Social Media Workshop

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Higher Education presentation re: social media and student engagement

Higher Education presentation re: social media and student engagement

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  • Background about presenterWelcome! So glad you’re able to take a moment to have this conversation about what social media is (and isn’t), how and why other grad departments are using it, and why it’s important to consider folding it into your communications with prospective and current students as well as alumni.
  • social media overviewbest practicesnext steps
  • Last month we sent out a survey inquiring about tools you used to communicate with current and prospective students. May use a combination of email, phone, postal mail to communicate with students—integrated approachinterest in learning about social mediahow to use it
  • Survey results: 88% or 30 use email to communicate w/ current & prospective students—direct them to links,35%: phone calls
  • Survey results: Of all social media use, FB is highest.
  • Facebook growing another 14.9% from December to January, the site now reaches 68.5 million people each month, versus 58.5 million for MySpace.Data provided by CompeteGrowth rates:
  • In the same time span, MySpace dropped by 4% and Facebook grew by 228%. Data is from Nielson Online
  • Tweet on Thursday-Friday. Most active
  • -it’s not a one-way street-if social media has taught us anything, it’s that people value a conversation rather than being talked at
  • Something new will come along. Be ready for that Don’t pour all your time into this changing media. Understand how to use it most efficiently and integrate it into your recruitment and communication plans.
  • Just because it reaches millions, doesn’t mean it will reach your audienceHow will you stand out?
  • Not meant to replace your current communication channels—use it to supplement. Have an integrated communication approach.
  • A tool to engage a wider audience
  • A transparent conversation with people you are building relationships withA community of people who are energized about communicating the work you do
  • Listening and responding
  • Feature video when you can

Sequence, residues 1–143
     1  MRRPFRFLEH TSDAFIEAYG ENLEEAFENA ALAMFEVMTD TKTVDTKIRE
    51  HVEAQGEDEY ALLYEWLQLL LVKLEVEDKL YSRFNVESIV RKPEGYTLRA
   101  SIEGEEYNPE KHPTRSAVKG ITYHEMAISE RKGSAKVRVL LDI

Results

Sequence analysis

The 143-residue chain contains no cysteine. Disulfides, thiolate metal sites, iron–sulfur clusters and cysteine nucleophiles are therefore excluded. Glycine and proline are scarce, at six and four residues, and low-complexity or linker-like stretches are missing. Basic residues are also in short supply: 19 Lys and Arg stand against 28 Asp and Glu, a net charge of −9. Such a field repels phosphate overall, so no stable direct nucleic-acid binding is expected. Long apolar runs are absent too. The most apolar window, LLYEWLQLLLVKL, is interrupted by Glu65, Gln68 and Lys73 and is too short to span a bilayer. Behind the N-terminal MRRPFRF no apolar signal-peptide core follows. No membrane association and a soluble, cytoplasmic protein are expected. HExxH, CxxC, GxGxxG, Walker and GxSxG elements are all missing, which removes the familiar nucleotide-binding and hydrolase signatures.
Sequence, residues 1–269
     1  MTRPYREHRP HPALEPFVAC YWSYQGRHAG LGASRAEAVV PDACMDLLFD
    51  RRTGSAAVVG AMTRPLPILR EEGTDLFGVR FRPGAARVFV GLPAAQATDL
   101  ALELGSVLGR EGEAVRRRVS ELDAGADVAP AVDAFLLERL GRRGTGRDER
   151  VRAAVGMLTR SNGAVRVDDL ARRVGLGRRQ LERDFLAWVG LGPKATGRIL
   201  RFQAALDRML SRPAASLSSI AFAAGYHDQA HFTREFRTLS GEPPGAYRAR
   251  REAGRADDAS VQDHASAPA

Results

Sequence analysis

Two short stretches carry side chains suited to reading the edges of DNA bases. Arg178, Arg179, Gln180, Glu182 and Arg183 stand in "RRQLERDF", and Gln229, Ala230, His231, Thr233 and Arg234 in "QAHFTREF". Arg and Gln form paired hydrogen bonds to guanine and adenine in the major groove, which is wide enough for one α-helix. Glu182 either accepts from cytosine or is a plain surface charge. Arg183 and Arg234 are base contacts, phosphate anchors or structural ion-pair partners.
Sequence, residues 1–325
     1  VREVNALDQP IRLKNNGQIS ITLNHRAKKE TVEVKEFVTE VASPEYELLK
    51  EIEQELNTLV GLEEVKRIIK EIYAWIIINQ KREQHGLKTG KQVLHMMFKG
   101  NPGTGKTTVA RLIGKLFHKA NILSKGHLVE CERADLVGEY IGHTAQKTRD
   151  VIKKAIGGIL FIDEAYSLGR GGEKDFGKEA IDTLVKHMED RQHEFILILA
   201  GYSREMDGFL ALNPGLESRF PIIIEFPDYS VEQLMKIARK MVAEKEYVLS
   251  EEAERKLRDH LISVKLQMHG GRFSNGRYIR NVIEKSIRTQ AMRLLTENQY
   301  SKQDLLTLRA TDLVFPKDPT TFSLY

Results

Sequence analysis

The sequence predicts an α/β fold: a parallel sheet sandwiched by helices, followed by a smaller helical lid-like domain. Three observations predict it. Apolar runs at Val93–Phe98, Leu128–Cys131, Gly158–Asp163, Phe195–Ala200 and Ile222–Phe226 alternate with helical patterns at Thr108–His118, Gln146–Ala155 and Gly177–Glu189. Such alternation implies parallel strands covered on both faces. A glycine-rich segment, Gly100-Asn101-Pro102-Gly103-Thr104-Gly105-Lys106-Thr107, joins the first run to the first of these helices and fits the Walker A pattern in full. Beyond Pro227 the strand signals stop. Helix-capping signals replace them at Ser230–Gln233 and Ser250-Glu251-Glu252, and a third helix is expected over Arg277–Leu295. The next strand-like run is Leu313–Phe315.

• Feature video when you can
  • Tag people. Then their friends will see it and so on
  • Understand your audience
  • Encourage user generated content: students, faculty, other communities with which you interact
  • Teach everyone to be a communicatorTake every opportunity to tell your story—this means getting faculty/staff/student in the habit of collecting/sharing accomplishments.It is up to the Public Affairs professionals at each level to teach and enforce Air Force new media policy, by training and educating every Airman on the proper use and techniques for engaging in new media:
  • Post weekly—stay current!It’s ok to keep a running list of factoids that you’d like to share with your community, but be sure to share breaking news in a timely manner.No piles on your desk.
  • Use photos! We like to find people we can identify with. As often as possible, use photos of students, faculty and staff in your departments.
  • Mind your manners. Make time to say thank you to those who join your group or post comments.
  • Use tools to help you manage your social media content.Not everything is a hammer
  • What’s next?


  • 1. Welcome
  • 2.
    • social media overview
    • 3. best practices
    • 4. next steps
  • security concerns
    how to use it
    what is it?
    Student interest
    best practices
    event promotion
    time suck
    info exchange
    why use it?
  • 5. 88%
    of those surveyed used
  • 6. 65%
    of those surveyed
  • 7. FacebookFactoids
    • Launched in Feb. 2004 for university students and faculty; 2007 opened to all
    • 8. 68 million active Facebook users [2008]
    • 9. Over 200 million active users [2009]
    • 10. Over 400M users [2/25/10]
    • 11. 100M active users accessing Facebook through mobile devices.
    • 12. Growing demographics 2009 v. 2010:
    • 13. Alumni: 580% growth